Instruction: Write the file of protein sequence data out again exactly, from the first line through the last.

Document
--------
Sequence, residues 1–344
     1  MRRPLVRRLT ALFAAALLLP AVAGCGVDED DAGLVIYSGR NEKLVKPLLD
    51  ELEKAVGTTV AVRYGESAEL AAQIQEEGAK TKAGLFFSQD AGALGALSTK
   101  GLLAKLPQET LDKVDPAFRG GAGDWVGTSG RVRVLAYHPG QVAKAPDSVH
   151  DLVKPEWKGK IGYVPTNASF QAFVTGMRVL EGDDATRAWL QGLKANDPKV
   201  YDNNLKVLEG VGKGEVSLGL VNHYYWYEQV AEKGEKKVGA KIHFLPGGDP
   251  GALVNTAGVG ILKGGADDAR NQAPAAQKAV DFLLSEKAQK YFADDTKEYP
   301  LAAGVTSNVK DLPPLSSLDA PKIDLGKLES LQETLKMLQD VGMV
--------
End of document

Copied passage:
Sequence, residues 1–344
     1  MRRPLVRRLT ALFAAALLLP AVAGCGVDED DAGLVIYSGR NEKLVKPLLD
    51  ELEKAVGTTV AVRYGESAEL AAQIQEEGAK TKAGLFFSQD AGALGALSTK
   101  GLLAKLPQET LDKVDPAFRG GAGDWVGTSG RVRVLAYHPG QVAKAPDSVH
   151  DLVKPEWKGK IGYVPTNASF QAFVTGMRVL EGDDATRAWL QGLKANDPKV
   201  YDNNLKVLEG VGKGEVSLGL VNHYYWYEQV AEKGEKKVGA KIHFLPGGDP
   251  GALVNTAGVG ILKGGADDAR NQAPAAQKAV DFLLSEKAQK YFADDTKEYP
   301  LAAGVTSNVK DLPPLSSLDA PKIDLGKLES LQETLKMLQD VGMV